On Nov. 28, 1858, a ship called the Wanderer slipped silently into a coastal channel and unloaded its cargo of over 400 African slaves onto Jekyll Island, Georgia, thirty eight years after the African slave trade had been made illegal. It was the last ship ever to bring a cargo of African slaves to American soil. Built in 1856, the Wanderer began life as a luxury racing yacht, flying the pennant of the New York Yacht Club and cited as the successor to the famous yacht America. But within a year of its creation, the Wanderer was secretly converted into a slave ship, and, with the New York Yacht Club pennant still flying above as a diversion, sailed off to Africa. The Wanderer's mission was meant to be more than a slaving venture, however. It was designed by its radical conspirators to defy the federal government and speed the nation's descent into civil war. The New York Times first reported the story as a hoax; however, as groups of Africans began to appear in the small towns surrounding Savannah, the story of the Wanderer began to leak out; igniting a fire of protest and debate that made headlines throughout the nation and across the Atlantic. As the story shifts between Savannah, Jekyll Island, the Congo River, London, and New York City, the Wanderer's tale is played out in heated Southern courtrooms, the offices of the New York Times, The White House, the slave markets of Africa and some of the most charming homes Southern royalty had to offer. In a gripping account of the high seas and the high life in New York and Savannah, Erik Calonius brings to light one of the most important and little remembered stories of the Civil War period.
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being a continuation of The Royal Wanderer, or, Memoirs of Her Present Majesty Queen Caroline ...

Author: Edward Barron

Publisher: N.A

ISBN: N.A

Category: History

Page: 288

View: 6533

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Author: Various authors,Various

Publisher: Cambridge University Press

ISBN: 1108056520

Category: History

Page: 1072

View: 4986

The 1873 Nautical Magazine includes shipbuilding statistics, information on ports, fisheries and steam liners, and criticism of proposed seaworthiness legislation.
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Author: Deborah Epstein Nord

Publisher: Columbia University Press

ISBN: 0231510330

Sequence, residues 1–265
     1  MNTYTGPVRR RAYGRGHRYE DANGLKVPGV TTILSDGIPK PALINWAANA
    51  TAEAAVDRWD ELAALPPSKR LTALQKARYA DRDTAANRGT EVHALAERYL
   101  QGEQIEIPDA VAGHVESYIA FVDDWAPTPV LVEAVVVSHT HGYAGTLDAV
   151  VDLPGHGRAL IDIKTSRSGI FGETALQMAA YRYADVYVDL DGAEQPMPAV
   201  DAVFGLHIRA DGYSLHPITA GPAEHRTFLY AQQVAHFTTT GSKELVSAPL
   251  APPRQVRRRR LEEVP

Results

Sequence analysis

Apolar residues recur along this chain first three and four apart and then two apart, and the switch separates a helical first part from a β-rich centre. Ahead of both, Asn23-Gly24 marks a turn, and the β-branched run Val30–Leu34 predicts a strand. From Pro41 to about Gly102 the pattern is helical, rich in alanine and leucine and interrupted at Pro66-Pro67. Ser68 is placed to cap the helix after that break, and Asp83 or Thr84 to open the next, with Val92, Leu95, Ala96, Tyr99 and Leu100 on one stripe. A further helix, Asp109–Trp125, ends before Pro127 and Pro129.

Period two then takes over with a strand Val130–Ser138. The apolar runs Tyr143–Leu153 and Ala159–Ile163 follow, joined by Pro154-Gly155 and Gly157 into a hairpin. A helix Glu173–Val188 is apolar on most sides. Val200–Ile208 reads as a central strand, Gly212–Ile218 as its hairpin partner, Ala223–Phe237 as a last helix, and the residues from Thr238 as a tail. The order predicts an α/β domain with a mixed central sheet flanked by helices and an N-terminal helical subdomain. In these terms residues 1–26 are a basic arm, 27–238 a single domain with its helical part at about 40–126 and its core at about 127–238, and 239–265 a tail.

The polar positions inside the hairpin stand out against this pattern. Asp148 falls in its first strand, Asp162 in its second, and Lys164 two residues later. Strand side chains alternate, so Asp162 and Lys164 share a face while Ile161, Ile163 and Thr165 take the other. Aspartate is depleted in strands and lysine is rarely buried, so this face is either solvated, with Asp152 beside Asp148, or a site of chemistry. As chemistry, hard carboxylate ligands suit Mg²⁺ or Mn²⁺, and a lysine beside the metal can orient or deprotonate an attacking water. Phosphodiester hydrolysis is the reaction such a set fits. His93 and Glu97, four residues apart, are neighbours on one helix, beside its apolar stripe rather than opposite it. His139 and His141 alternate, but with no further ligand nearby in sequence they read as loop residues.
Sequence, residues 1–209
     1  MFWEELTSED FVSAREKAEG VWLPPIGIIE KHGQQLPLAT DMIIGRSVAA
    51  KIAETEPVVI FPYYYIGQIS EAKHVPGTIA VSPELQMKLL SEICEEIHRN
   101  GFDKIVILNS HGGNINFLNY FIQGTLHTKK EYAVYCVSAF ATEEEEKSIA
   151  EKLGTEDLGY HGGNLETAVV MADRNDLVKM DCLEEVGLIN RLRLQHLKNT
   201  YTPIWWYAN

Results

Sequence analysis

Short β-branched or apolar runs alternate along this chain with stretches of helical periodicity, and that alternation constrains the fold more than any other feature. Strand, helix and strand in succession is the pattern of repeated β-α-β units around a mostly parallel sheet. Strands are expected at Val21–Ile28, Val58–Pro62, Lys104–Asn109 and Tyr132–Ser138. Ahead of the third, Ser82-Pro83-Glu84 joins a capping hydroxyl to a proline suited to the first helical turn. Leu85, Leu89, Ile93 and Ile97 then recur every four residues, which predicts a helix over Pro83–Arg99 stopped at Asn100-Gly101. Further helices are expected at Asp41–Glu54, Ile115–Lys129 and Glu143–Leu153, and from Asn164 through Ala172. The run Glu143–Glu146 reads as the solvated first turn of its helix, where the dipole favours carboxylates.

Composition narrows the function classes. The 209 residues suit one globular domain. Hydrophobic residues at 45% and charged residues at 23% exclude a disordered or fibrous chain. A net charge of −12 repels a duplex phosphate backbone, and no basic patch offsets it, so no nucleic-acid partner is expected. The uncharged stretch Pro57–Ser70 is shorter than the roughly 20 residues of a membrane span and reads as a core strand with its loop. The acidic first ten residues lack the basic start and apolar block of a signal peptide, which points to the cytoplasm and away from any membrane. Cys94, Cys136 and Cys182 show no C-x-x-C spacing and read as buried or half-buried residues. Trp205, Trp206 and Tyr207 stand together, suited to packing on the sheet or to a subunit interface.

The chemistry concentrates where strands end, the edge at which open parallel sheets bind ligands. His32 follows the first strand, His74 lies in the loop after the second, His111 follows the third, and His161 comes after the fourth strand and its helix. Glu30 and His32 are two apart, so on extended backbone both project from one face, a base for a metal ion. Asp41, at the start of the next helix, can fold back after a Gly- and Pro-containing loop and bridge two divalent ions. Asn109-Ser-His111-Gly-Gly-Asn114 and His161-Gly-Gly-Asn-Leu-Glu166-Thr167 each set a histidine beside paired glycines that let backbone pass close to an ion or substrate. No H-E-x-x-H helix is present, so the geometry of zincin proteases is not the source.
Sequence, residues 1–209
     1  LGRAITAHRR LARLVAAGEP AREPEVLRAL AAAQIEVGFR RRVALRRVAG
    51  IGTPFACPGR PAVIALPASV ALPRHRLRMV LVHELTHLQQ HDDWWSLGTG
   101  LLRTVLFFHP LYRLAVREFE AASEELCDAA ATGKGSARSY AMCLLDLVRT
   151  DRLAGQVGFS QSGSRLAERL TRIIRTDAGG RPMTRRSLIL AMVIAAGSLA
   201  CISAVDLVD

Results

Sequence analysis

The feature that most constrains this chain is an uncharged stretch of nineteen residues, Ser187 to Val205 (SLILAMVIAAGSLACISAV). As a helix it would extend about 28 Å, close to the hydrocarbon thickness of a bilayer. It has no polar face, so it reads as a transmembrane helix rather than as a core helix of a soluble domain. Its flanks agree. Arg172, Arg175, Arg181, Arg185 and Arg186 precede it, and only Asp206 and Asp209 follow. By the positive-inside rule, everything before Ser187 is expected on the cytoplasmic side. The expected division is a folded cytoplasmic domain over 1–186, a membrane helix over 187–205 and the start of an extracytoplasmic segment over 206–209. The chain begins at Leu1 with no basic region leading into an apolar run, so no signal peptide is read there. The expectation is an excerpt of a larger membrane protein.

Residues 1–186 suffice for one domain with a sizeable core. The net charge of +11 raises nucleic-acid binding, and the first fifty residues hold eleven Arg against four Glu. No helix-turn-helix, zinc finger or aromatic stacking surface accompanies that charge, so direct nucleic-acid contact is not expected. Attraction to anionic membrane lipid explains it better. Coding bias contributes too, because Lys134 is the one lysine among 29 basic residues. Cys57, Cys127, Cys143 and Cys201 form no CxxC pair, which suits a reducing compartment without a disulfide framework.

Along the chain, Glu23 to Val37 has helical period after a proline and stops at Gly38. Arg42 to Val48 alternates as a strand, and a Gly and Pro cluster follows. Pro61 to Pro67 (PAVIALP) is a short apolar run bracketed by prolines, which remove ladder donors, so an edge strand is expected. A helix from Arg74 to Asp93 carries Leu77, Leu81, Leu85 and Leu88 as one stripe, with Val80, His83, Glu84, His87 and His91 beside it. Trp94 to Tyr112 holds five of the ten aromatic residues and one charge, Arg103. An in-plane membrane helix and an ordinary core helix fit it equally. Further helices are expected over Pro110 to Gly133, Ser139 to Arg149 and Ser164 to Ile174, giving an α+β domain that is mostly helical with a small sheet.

Category: Literary Criticism

Page: 240

View: 6551

Gypsies and the British Imagination, 1807-1930, is the first book to explore fully the British obsession with Gypsies throughout the nineteenth century and into the twentieth. Deborah Epstein Nord traces various representations of Gypsies in the works of such well-known British authors John Clare, Walter Scott, William Wordsworth, George Eliot, Arthur Conan Doyle, and D. H. Lawrence. Nord also exhumes lesser-known literary, ethnographic, and historical texts, exploring the fascinating histories of nomadic writer George Borrow, the Gypsy Lore Society, Dora Yates, and other rarely examined figures and institutions. Gypsies were both idealized and reviled by Victorian and early-twentieth-century Britons. Associated with primitive desires, lawlessness, cunning, and sexual excess, Gypsies were also objects of antiquarian, literary, and anthropological interest. As Nord demonstrates, British writers and artists drew on Gypsy characters and plots to redefine and reconstruct cultural and racial difference, national and personal identity, and the individual's relationship to social and sexual orthodoxies. Gypsies were long associated with pastoral conventions and, in the nineteenth century, came to stand in for the ancient British past. Using myths of switched babies, Gypsy kidnappings, and the Gypsies' murky origins, authors projected onto Gypsies their own desires to escape convention and their anxieties about the ambiguities of identity. The literary representations that Nord examines have their roots in the interplay between the notion of Gypsies as a separate, often despised race and the psychic or aesthetic desire to dissolve the boundary between English and Gypsy worlds. By the beginning of the twentieth century, she argues, romantic identification with Gypsies had hardened into caricature-a phenomenon reflected in D. H. Lawrence's The Virgin and the Gipsy-and thoroughly obscured the reality of Gypsy life and history.